Wi-Fi Alliance and WiGig Join Up For 60GHz Wi-Fi Products

Now that the Wi-Fi Alliance will be sharing technology specifications with the Wireless Gigabit Alliance's proposed 60GHz wireless spectrum, we all just got a lot closer to 7Gbps wireless downloads. That's wonderful.

WiGig, as it's more commonly called, has been pushing for the next major wireless specification to be on its empty 60GHz spectrum for months. Today's announcement greatly increases the likelihood that we'll be seeing multi-gigabit in-room downloads in the not too distant future. It's terribly surprising, given the amount of overlap between WiGig and Wi-Fi Alliance's member companies. And WiGig had already written procedures for handing off to 2.4GHz and 5GHz Wi-Fi bands into its spec, pre-empting most compatibility concerns. But it's still an encouraging look at the future of wireless networking.


Wi-Fi Alliance(R) and WiGig(TM) Alliance to Cooperate on Expansion of Wi-Fi Technologies

Liaison agreement will enable technology sharing for program development

AUSTIN, Texas and TOKYO, May 10 /PRNewswire/ — The Wi-Fi Alliance and the Wireless Gigabit Alliance (WiGig Alliance) today announced a cooperation agreement for multi-gigabit wireless networking. The Wi-Fi Alliance and the WiGig Alliance will share technology specifications for the development of a next-generation Wi-Fi Alliance certification program supporting Wi-Fi® operation in the 60 GHz frequency band. This agreement further encourages the development of products supporting 60 GHz technology to expand existing Wi-Fi capabilities.

Device connectivity in the 60 GHz band will complement the current family of Wi-Fi technologies. Targeted primarily for applications that require gigabit speeds, 60 GHz products are expected to be used in a wide range of high-performance devices. A significant portion, if not all, of these devices are expected to also support traditional Wi-Fi networking in the 2.4 and 5 GHz bands.

"60 GHz device connectivity will be an exciting enhancement to the capabilities of today's Wi-Fi technologies. It will expand the utility of Wi-Fi, used by hundreds of millions of people every day," said Wi-Fi Alliance chief executive officer Edgar Figueroa. "From its inception, the WiGig specification was designed to work on a wide variety of devices, making it a compelling input as we begin to define our certification program for 60 GHz wireless."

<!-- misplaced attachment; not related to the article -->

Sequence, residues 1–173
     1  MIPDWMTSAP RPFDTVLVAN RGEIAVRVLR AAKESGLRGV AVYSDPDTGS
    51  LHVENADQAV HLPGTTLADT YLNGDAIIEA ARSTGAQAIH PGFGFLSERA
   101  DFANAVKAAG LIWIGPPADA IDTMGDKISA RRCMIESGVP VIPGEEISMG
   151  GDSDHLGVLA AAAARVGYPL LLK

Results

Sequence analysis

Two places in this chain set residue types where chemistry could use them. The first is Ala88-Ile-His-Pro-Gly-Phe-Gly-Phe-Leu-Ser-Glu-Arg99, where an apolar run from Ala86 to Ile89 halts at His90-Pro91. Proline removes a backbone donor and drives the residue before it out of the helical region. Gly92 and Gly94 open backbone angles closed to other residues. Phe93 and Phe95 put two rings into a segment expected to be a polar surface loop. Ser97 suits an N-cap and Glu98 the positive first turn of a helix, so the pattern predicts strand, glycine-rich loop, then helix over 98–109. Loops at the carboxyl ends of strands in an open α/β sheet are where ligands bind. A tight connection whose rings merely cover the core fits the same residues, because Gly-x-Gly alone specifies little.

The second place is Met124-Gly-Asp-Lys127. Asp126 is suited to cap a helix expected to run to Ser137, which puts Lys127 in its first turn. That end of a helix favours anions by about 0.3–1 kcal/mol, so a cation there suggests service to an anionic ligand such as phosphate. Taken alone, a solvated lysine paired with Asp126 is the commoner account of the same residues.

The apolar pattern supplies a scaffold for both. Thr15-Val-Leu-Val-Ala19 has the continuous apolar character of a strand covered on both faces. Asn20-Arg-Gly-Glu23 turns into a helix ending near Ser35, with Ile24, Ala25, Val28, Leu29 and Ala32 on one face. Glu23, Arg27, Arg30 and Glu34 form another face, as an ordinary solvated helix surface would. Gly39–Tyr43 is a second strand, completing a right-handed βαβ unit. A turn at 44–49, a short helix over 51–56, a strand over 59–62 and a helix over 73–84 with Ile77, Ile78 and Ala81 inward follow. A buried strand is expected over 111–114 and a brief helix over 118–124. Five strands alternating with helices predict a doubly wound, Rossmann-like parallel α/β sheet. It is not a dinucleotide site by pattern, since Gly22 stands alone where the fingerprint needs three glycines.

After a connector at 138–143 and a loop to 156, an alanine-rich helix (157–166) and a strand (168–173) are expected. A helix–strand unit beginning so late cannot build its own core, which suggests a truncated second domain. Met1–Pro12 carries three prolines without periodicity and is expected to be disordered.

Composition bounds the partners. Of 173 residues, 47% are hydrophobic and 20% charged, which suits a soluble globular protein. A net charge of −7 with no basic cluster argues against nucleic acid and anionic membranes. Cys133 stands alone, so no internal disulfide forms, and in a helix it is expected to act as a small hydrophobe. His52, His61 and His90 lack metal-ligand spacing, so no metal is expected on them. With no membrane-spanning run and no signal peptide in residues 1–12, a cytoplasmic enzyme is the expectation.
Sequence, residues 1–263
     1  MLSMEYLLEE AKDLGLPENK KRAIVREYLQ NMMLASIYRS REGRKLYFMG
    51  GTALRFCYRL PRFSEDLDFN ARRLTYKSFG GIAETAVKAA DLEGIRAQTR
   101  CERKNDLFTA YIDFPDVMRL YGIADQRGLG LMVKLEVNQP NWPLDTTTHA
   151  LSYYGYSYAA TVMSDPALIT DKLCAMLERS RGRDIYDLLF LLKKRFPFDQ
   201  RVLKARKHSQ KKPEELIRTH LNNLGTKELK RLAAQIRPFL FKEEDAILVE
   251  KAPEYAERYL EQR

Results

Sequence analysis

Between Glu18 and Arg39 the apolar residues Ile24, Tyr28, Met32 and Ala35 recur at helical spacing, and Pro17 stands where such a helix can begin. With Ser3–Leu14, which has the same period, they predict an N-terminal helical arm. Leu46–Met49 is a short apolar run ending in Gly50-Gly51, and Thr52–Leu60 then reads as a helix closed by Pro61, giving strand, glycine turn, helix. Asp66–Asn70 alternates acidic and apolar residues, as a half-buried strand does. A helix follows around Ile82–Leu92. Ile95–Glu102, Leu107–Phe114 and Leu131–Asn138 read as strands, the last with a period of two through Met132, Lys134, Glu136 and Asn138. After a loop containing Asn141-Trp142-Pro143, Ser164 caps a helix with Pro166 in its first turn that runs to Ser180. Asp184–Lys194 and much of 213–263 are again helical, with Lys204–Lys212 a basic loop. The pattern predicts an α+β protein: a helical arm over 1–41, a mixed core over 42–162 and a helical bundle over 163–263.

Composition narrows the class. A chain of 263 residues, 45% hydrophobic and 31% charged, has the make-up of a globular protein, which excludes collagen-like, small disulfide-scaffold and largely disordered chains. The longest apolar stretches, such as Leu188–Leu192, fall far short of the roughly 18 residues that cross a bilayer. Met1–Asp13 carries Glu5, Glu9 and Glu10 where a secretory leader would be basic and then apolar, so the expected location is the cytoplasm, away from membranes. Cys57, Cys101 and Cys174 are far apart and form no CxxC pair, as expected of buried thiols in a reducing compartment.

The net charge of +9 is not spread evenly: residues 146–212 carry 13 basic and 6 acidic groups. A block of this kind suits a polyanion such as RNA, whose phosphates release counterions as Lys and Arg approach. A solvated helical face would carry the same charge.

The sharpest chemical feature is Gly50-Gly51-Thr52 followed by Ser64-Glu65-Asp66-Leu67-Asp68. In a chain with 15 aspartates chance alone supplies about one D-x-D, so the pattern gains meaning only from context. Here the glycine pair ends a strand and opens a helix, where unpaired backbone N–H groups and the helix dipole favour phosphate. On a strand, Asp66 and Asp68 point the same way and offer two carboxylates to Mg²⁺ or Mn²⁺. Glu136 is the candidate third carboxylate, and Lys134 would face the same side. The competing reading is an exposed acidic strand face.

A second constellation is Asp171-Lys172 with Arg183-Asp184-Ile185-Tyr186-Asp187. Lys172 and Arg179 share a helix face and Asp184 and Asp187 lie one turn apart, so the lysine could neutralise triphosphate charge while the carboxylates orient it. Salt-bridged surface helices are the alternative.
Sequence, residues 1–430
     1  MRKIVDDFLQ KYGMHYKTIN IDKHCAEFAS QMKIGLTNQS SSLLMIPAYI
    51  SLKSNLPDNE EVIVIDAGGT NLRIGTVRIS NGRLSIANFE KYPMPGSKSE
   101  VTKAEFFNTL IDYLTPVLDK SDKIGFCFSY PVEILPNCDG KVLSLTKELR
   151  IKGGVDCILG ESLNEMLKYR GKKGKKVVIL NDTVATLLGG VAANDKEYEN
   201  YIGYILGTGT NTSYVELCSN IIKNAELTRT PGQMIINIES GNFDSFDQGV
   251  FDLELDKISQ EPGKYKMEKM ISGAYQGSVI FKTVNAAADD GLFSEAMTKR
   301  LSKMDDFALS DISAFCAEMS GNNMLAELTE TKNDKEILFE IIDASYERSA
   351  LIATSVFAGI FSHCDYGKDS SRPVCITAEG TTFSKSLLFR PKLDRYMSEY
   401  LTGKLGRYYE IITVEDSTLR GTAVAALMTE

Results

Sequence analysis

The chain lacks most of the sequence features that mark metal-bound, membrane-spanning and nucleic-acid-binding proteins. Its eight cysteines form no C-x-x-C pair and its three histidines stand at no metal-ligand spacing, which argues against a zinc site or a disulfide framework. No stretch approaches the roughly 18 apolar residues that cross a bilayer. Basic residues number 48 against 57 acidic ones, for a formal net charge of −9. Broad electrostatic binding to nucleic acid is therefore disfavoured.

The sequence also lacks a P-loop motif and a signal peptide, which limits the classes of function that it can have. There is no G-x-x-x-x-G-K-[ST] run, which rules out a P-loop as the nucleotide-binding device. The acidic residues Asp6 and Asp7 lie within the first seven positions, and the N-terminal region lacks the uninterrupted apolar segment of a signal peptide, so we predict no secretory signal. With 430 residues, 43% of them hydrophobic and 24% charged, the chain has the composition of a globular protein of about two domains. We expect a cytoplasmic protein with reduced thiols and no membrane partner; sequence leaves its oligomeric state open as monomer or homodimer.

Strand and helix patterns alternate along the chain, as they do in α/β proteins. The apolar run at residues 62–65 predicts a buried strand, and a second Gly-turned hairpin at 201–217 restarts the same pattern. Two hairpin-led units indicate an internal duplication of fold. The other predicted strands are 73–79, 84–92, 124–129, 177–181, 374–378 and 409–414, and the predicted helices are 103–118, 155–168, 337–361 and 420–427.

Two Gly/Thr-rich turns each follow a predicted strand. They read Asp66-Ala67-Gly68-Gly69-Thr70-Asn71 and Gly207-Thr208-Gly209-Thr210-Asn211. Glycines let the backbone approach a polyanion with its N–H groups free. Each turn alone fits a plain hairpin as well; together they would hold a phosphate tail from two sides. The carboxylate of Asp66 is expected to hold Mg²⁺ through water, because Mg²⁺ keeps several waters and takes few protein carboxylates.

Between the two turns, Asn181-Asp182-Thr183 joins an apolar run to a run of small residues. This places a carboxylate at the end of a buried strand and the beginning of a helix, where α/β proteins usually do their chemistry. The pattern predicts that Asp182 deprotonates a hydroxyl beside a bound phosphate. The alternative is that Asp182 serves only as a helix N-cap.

"Now that our specification is complete and published, it's time to set our sights on driving a great user experience through interoperability and certification," said Dr. Ali Sadri, president and chairman of the WiGig Alliance. "We are happy to work with the Wi-Fi Alliance to extend multi-gigabit capabilities to the Wi-Fi technology portfolio."

The WiGig Alliance, which shares many member companies in common with the Wi-Fi Alliance, was formed to unify the next generation of multi-gigabit wireless products by encouraging the adoption and widespread use of 60 GHz wireless technology worldwide.

The WiGig specification defines protocols to deliver data transfer rates measured in gigabits rather than megabits and supports a new range of applications and usages. The specification also defines procedures to enable WiGig compliant devices to hand over sessions to operate in the 2.4 or 5 GHz band. It is expected that a new class of tri-band Wi-Fi CERTIFIED™ devices will offer multi-gigabit wireless speeds while helping to ensure backward compatibility.

"There is no question that this agreement will enable 60 GHz technology to form an important part of the high-performance future for wireless networking," said Phil Solis, practice director for Wireless Connectivity at ABI Research. "By cooperating, the groups have set a course for interoperability and backward compatibility that will accelerate the adoption and usefulness of multi-gigabit wireless networking."

For more information, visit www.wi-fi.org and www.wigig.org.


Arggh! there goes a...snake a snake!

I heard a piece on the radio (NPR, I think) that said there were also potential plans to open up the frequencies that were previously used by analog TV signals for wireless internet access.